How to debone a chicken

The lost art of using whole birds

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It seems all the chicken recipes you find these days require the boneless version. While many serious home cooks like the DIY aspect of everything else, we’re all a bit reticent to go that extra mile to debone our own, even if it means buying a more expensive (or even lower-quality) cut of meat. But deboning a chicken isn’t as daunting as it seems. It simply requires a little patience, an appropriate knife and detailed step-by-step instructions.

The right tool for the job

The most important thing is to start with the right knife. Buy a high-quality boning knife. A boning knife is smallish with a 6-inch blade and a straight edge that curves up at the tip. Good-quality knives are expensive, but the best brands (e.g., Henckels, Wüsthof-Trident) also come with lifetime guarantees. If you're comfortable with a mid-grade knife, you should still skip the department store in favor of one that specializes in quality kitchen equipment. The salespeople will be more knowledgeable about the best way to choose the knife that's right for you.

Guy Fieri tips to sharpen your knives >>

Step-by-step instructions

  1. After cleaning your bird, place it on a clean surface. Cut the wings off at the first joint, leaving the drumette attached.
  2. Make a cut in the skin between the leg and the body, but don't remove it, yet.
  3. You can set the knife aside for this step. Hold the chicken's body in one hand, using the other to pull the whole leg toward you until you feel the bone pop completely out of the socket. Use the knife to finish cutting through the socket to separate the drumstick and thigh. Repeat this step with the other leg.
  4. Lay the chicken on the counter so the breasts are upright and facing you (on its back). Then make a cut down the back on both sides of the breastbone all the way down, making sure you use the blade of the knife (not the tip).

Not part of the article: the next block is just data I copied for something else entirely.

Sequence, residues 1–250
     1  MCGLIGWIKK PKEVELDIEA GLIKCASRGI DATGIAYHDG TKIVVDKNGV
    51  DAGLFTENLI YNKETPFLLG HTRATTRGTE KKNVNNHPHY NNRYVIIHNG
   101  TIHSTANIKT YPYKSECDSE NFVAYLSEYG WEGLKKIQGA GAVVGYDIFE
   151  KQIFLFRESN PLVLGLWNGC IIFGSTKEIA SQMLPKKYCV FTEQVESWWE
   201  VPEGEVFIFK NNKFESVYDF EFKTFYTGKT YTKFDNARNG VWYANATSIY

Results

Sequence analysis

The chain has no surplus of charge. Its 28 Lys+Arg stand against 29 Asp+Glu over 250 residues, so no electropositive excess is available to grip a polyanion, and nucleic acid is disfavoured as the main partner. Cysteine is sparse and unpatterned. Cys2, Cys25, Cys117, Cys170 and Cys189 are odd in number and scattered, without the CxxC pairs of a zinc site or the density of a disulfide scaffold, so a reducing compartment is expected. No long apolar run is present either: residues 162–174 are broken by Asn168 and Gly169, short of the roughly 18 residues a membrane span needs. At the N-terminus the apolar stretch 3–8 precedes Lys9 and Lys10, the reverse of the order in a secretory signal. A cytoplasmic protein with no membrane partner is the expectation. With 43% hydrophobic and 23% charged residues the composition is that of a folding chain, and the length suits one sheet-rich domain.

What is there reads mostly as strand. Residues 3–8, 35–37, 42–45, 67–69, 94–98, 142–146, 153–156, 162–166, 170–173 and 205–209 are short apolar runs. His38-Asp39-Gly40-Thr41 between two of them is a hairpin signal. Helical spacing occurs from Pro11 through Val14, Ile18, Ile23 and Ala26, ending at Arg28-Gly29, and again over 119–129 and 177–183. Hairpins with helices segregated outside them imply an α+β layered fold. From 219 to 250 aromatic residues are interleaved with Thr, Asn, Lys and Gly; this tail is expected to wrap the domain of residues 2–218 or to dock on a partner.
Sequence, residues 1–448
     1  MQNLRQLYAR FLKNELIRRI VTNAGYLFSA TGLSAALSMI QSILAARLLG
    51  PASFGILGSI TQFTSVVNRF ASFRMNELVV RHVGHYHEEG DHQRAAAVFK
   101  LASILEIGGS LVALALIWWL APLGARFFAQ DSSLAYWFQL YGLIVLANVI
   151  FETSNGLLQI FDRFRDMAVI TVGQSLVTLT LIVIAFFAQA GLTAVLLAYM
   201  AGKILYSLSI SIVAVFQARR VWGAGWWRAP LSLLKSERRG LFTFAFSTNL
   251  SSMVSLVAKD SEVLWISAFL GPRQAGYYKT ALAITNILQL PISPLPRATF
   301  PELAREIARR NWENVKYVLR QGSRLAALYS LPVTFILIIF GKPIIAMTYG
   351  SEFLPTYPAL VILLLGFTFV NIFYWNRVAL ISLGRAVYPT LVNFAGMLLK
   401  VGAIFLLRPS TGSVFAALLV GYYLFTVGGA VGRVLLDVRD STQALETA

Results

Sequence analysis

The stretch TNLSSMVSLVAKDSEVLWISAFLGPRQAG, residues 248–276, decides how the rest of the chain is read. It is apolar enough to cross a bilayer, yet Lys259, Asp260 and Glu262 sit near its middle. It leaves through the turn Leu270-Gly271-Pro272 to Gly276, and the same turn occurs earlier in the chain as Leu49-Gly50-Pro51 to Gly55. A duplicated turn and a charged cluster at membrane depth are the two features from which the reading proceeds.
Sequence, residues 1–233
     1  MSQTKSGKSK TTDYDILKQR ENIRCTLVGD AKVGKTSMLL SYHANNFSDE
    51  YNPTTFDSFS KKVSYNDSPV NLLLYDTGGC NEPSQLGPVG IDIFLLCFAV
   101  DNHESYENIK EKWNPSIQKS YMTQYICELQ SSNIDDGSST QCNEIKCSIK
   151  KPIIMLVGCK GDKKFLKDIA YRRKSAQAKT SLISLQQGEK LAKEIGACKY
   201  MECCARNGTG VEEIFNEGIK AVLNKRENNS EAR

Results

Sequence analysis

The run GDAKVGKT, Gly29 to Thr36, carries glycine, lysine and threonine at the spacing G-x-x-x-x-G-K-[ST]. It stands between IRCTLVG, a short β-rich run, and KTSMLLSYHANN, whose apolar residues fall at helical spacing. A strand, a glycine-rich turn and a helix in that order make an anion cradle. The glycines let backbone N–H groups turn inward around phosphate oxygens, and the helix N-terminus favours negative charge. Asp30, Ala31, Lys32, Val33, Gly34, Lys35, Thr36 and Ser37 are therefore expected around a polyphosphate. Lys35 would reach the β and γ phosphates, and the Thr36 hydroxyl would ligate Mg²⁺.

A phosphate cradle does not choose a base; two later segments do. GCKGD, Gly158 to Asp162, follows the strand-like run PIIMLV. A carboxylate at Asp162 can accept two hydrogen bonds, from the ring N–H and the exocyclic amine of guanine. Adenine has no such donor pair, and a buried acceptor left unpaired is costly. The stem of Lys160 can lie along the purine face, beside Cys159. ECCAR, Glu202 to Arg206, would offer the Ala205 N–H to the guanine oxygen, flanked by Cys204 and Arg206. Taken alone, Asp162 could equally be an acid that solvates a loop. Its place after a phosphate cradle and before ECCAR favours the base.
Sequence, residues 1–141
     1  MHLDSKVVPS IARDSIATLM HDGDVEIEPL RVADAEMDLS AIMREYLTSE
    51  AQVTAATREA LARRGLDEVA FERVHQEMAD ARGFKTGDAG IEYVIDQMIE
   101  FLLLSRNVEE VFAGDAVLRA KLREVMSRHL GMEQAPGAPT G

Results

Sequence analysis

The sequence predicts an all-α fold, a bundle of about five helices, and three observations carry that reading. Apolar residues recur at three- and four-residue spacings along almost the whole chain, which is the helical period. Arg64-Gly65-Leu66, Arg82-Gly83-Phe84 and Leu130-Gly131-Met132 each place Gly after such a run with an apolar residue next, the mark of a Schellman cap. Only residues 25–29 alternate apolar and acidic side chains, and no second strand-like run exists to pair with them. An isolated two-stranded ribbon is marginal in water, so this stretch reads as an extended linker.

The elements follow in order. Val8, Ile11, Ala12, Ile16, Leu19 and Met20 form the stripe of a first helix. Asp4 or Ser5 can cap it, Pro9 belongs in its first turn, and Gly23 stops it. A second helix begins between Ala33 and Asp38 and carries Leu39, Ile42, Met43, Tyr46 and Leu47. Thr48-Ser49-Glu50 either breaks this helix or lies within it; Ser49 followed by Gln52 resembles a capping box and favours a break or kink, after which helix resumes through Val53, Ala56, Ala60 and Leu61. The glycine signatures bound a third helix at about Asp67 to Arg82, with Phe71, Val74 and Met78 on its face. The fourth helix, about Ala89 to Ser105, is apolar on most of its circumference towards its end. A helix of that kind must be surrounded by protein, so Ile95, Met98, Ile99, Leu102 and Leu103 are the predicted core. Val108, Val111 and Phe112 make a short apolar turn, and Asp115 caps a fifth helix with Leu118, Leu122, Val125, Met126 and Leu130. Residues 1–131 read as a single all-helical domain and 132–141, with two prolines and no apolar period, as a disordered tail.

5. Using the tip of the knife, follow the rib cage (located under the breastbone) to cut away the breasts (carefully). Holding the breasts by the drumette you left in place in step 1, cut the breast at the thickest part (near the drumette) toward the thinner part of the breast and remove each breast.
  6. Turn the chicken on its stomach and cut out the small morsel of tender meat, commonly referred to as the oyster, which is located behind the hollow part of the hip socket (in the back).
  7. Lay each leg flat on the cutting surface with the thicker (meatier) part facing down and cut down the leg and thigh bones using the blade of the knife. Using the tip, cut a very deep split along the entire length of the bone and carefully cut away the flesh.
  8. After putting away your meat, carefully and completely sanitize all surfaces that came into contact with the meat or bones, including the knife, to avoid contamination.

Tip: Don't throw the bones away! Save them to make chicken stock.

Recipes using chicken

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Heather Barnett is a freelance writer and foodie whose work has been featured in blogs, websites, magazines, and TV and radio ads. She spends her free time relaxing with her soulmate, Keith; her dog, Mosby "The Fly Slayer;" and Felix the Fish. You can follow her on Twitter @HireHeather.